No Fare? No Fair!

Last November, taxicab driver Joe Ciprian, 50, took a call from his dispatcher to pick up a passenger at UCSD hospital in Hillcrest. “I got there to find the security guard waving me down,” wrote ...

Paul People

Why San Diegans like Ron Paul.

Ron Paul, a 12-term congressman from Texas, is attracting an intense and dedicated cadre of voters in the 2012 primary election season. But, to date, at least, their numbers suggest he is not a viable ...

So San Diego

Deep-Fryed San Diego

“In the old days, you had kingmakers who would put in the people they wanted over the objections of those in the community,” says Donna Frye.The former city councilwoman is speaking of the two major ...

Push Me, Pull You, Arrest Me at California State University Headquarters

"Mostly all lies” is how San Diego State University graduate student and teaching assistant Ashley Wardle characterizes statements two California State University officials made during a joint legislative subcommittee hearing in Sacramento last month. The ...

Start at the Oceanside Pier. Stop in 3000 Miles.

Most of us onlookers conquered the mountain the easy way — by car — and had gathered for the big moment, trying at the same time to exploit the 10,857-foot elevation for an alpine vista. ...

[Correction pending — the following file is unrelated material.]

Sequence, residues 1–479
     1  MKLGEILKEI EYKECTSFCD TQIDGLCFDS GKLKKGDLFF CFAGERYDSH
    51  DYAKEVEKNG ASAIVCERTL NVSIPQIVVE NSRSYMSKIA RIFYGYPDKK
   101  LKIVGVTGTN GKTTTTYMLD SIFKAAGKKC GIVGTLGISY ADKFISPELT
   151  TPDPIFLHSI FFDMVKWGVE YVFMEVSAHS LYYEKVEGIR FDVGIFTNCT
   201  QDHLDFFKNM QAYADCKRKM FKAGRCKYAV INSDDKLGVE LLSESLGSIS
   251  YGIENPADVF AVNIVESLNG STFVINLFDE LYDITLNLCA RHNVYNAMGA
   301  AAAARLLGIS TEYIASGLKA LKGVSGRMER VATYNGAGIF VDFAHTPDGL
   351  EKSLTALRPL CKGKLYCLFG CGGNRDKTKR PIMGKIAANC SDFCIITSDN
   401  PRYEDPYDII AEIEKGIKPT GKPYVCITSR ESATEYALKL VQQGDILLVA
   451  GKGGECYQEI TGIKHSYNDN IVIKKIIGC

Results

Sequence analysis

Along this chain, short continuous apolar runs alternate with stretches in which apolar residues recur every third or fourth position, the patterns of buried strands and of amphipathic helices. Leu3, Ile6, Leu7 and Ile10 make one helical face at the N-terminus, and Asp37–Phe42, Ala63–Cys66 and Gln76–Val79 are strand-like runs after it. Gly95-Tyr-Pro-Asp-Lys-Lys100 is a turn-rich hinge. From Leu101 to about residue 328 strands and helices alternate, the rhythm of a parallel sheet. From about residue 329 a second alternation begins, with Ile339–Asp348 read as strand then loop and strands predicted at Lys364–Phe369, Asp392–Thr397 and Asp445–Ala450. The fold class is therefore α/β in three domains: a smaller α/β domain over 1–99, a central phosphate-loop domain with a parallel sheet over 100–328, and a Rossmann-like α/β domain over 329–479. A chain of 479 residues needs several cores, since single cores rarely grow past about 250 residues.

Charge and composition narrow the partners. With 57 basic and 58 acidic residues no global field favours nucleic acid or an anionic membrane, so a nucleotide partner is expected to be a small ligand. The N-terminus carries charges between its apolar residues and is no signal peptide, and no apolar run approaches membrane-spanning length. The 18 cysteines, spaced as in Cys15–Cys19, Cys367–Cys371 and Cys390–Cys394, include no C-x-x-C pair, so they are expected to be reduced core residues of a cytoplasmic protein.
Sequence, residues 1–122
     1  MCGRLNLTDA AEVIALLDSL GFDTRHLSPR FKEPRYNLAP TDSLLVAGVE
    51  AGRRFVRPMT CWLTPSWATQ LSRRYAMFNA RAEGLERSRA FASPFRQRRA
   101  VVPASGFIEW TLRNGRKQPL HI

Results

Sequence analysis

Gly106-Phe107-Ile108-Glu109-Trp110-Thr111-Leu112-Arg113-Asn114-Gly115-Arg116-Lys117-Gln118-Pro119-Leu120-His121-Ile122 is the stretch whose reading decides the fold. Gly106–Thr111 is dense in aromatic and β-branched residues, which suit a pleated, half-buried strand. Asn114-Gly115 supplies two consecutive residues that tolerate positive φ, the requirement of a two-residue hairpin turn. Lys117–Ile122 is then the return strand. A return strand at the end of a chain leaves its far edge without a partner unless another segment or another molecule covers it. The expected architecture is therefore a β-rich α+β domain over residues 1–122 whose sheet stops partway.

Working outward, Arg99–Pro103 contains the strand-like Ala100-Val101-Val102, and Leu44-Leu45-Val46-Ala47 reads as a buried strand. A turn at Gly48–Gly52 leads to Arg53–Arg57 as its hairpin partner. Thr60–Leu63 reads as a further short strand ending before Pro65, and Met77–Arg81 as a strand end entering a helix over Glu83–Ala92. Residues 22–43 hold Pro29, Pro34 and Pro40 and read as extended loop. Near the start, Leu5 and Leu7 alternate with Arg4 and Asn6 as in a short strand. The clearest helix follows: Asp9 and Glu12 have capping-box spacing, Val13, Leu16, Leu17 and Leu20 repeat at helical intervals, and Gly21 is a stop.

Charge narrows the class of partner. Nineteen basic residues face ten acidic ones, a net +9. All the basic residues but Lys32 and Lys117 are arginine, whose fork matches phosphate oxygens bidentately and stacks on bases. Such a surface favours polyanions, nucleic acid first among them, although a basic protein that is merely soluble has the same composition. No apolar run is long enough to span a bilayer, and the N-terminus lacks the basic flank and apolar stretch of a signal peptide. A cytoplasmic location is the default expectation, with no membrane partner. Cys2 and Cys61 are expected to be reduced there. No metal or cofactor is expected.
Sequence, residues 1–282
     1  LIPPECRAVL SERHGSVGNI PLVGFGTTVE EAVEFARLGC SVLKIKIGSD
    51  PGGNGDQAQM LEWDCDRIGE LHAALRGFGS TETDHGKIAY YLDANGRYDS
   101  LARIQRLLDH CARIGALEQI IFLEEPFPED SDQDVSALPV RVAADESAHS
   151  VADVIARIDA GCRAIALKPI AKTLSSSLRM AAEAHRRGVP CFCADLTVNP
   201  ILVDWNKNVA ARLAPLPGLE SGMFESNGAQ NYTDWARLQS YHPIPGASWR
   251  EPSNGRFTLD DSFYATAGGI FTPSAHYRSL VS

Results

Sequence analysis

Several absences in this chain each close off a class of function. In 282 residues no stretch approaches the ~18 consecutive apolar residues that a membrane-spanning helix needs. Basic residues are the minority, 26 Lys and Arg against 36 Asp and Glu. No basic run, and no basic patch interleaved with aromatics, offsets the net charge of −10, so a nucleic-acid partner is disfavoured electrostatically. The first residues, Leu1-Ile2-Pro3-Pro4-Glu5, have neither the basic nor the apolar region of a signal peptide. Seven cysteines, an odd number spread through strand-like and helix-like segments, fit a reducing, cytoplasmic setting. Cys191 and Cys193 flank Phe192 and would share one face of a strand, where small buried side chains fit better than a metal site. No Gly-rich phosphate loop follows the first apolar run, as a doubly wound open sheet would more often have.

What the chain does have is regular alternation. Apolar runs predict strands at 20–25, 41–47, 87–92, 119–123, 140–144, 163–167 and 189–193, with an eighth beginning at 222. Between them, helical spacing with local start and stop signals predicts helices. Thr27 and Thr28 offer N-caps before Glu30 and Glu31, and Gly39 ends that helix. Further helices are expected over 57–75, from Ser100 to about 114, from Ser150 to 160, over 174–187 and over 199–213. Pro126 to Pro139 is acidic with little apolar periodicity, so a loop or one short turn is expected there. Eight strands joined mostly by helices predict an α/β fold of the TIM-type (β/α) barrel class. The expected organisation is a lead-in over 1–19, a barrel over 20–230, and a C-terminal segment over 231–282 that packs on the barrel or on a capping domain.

Joe Bauguess's Last, Worst Wipeout

In the 1940s and early 1950s, when other surfboard shapers worked intuitively, legendary surfer Bob Simmons was applying mathematics and boat-building and aircraft technology to board designs. In 1954, he died in a surfing accident ...

Don’t Peek Over My Fence, Mr. Code Compliance Man

There is a multicolored slide, part of a jungle gym, in Robert Brians’s front yard on Delaware Street in Imperial Beach. But I am admiring his two large African turtles crawling along the dusty ground. ...

Anatomy of a Good Idea: the Water Man Check-In Center

Last December in federal court, Dan Bamberg was trying to figure out how homeless men and women could store their belongings safely and out of sight rather than carry them around everywhere. Transport containers of ...

Report Criticizes Reengineering at Health and Human Services

The worst thing about the job, Blanca tells me, is the chaos. “It’s not being able to control the influx of clients. It’s happening so fast that before I’m finished with one application I have ...

It Was Scary Up There on the Coronado Bay Bridge

What would you do at witnessing someone about to jump from the Coronado Bay Bridge? Consider the tale of real estate appraiser Bryan Knowlton, a 42-year-old resident of Kearny Mesa. On Thursday, May 12, Knowlton ...

Big History of Little Italy

Peter Corona, a veteran superintendent of numerous school districts in California, was born in 1928 in San Diego’s “Italian Colony,” as Little Italy was first known. He grew up during the Depression and World War ...

The Fall of Western Civilization at a North Park Coffeehouse